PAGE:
In order to provide some theoretical background and to motivate the more refined theory introduced herein, some encouraging known theoretical results on bubble-ring cavitation inception are reviewed. This review is followed by the development of the theory of bubble-ring cavitation cutoff. Its outcome, when compared with experiment, shows the need for a more refined inception theory. The above comparison and the basic ideas behind the cutoff theory's formulation suggest a possible approach for a refinement based on a multiple scales expansion. This seems reasonable because the forcing function pulse in "laboratory time" f, varies slowly compared with the characteristic "bubble time,", which characterizes the response time of a typical microscopic cavitation nucleus. The ratio of these two times gives a small parameter, , appearing in the forcing function, with the result that this problem involves only a soft excitation. Expanding the forced Rayleigh-Plesset equation and its initial conditions to the second order in c, the zeroth-order problem is found to be the well-known autonomous nonlinear equation with nonhomogeneous initial conditions, giving free oscillations of a typical nucleus. The first-order system is a nonautonomous linear system with homogeneous initial conditions which governs the forced bubble growth. The second-order system consists of a linear autonomous differential equation and homogeneous initial conditions. It is needed to establish integrability conditions for the first-order solution. The first-order solution is left for future research and the zeroth-order problem is analyzed in the phase plane. Then a novel approximate integration, = t(u), is given in terms of elliptic integrals and functions. It was not possible to invert this solution and so the inverse u = u() is found numerically. These data are then used to find an analytical approximation for use in future first-order calculations.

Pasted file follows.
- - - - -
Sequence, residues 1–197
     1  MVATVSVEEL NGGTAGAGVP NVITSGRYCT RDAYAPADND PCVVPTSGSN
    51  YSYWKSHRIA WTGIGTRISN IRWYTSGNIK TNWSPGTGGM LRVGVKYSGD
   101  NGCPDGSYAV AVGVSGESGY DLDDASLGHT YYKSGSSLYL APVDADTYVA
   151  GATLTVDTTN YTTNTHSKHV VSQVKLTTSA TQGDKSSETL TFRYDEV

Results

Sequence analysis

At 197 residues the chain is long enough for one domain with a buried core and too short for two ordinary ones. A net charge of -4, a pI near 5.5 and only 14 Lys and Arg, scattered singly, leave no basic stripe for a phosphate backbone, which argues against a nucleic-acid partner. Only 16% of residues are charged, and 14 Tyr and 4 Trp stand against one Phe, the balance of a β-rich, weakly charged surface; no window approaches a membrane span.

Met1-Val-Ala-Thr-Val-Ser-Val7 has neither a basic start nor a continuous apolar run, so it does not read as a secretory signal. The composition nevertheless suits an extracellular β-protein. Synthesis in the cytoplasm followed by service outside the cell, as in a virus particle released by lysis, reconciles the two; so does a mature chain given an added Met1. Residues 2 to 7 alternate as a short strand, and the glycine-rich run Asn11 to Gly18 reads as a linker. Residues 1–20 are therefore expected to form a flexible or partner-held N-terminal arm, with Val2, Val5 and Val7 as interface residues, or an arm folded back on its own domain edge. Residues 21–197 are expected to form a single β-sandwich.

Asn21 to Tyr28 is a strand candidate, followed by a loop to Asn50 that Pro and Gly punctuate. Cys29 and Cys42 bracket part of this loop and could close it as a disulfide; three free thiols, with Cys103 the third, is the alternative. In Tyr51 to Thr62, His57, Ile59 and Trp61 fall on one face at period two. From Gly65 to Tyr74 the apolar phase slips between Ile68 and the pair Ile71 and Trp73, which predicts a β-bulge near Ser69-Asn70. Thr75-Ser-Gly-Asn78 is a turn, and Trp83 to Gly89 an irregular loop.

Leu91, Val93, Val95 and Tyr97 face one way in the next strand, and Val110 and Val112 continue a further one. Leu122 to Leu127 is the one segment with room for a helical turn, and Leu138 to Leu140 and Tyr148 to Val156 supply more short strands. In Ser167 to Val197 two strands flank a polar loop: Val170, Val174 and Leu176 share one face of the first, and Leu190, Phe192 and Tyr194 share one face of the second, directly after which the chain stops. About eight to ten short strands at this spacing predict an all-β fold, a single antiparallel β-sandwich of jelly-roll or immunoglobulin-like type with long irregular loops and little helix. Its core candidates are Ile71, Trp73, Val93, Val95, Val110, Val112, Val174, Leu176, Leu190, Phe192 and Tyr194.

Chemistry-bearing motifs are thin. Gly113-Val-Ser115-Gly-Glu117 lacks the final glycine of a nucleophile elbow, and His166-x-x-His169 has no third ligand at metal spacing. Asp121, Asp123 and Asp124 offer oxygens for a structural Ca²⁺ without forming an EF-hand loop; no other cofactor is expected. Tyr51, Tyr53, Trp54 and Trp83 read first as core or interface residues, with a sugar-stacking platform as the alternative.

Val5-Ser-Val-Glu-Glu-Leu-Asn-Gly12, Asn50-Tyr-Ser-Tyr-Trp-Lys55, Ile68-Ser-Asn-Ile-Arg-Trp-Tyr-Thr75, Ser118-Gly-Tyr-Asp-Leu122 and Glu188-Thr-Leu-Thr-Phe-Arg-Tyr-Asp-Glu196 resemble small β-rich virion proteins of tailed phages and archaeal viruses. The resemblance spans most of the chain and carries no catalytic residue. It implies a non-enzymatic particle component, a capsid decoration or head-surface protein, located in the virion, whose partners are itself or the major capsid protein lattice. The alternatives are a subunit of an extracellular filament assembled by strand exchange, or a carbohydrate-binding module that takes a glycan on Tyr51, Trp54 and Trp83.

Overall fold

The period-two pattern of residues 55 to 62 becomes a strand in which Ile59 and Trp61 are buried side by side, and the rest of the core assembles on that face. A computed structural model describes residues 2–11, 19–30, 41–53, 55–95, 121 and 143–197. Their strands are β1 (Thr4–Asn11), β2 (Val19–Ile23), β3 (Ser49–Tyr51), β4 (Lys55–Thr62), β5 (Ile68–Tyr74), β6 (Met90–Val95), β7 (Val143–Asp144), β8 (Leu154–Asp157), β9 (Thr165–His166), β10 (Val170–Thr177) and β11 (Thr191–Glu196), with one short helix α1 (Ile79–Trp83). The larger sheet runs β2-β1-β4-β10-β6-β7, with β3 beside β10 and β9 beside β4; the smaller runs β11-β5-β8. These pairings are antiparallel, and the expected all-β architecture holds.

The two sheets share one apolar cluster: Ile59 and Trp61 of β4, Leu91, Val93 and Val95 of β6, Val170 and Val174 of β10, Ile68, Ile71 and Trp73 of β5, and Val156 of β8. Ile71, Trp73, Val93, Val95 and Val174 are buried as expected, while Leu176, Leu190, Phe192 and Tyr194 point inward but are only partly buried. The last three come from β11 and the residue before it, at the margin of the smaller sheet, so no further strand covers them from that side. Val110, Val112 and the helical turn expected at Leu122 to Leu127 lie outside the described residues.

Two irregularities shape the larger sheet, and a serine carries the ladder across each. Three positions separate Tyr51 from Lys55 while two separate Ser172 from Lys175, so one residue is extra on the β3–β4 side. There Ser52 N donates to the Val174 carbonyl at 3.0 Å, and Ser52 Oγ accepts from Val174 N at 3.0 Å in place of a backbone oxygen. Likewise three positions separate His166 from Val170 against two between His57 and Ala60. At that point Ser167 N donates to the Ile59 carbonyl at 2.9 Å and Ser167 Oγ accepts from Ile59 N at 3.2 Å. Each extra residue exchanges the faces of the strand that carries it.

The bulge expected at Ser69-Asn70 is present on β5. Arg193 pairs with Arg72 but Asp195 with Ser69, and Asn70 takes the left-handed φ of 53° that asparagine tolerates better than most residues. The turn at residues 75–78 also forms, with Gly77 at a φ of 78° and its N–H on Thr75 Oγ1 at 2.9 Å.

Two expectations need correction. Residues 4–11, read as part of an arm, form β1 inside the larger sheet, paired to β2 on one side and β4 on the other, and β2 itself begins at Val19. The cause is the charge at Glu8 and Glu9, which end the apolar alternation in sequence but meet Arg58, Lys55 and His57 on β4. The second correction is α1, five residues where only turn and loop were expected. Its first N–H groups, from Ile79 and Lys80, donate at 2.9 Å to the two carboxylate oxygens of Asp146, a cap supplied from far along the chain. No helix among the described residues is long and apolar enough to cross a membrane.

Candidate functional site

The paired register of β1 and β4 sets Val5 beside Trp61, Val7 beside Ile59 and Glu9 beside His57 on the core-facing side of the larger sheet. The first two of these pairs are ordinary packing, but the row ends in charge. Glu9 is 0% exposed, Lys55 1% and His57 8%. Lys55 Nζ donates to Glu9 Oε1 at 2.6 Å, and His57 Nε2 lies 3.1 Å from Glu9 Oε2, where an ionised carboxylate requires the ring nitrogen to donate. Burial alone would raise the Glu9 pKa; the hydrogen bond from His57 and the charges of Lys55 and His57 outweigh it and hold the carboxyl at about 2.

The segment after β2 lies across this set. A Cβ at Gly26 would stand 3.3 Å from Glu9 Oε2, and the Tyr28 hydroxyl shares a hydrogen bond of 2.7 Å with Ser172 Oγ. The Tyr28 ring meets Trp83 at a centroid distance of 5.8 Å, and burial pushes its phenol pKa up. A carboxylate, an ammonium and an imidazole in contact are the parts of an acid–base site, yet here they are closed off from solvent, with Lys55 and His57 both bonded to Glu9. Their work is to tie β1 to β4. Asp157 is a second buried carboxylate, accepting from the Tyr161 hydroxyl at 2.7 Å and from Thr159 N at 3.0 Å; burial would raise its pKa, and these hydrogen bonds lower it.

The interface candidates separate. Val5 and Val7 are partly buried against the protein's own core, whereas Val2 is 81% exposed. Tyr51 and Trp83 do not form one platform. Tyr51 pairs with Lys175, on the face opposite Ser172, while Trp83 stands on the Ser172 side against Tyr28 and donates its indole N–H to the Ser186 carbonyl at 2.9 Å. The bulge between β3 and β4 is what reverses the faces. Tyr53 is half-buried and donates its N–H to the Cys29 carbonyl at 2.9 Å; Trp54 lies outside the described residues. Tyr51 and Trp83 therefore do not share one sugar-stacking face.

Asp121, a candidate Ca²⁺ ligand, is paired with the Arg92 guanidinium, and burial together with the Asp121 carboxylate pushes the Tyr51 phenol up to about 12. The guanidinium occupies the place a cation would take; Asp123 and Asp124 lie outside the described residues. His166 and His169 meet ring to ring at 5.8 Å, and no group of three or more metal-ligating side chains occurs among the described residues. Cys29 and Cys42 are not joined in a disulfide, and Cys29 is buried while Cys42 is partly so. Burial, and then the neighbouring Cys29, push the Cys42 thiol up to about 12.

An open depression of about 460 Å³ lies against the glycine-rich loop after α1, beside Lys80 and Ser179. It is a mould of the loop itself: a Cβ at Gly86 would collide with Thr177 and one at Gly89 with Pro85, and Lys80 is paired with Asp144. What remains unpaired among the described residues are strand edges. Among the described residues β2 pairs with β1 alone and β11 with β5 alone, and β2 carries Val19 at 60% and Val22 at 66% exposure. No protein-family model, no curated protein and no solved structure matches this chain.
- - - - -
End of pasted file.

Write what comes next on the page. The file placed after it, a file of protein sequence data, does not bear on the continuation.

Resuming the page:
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September 01 1988
Bubble Dynamics and Cavitation Inception Theory
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Parkin, Blaine R., and Brian B. Baker. "Bubble Dynamics and Cavitation Inception Theory." J Ship Res 32 (1988): 155–167. doi: https://doi.org/10.5957/jsr.19188.8.131.52
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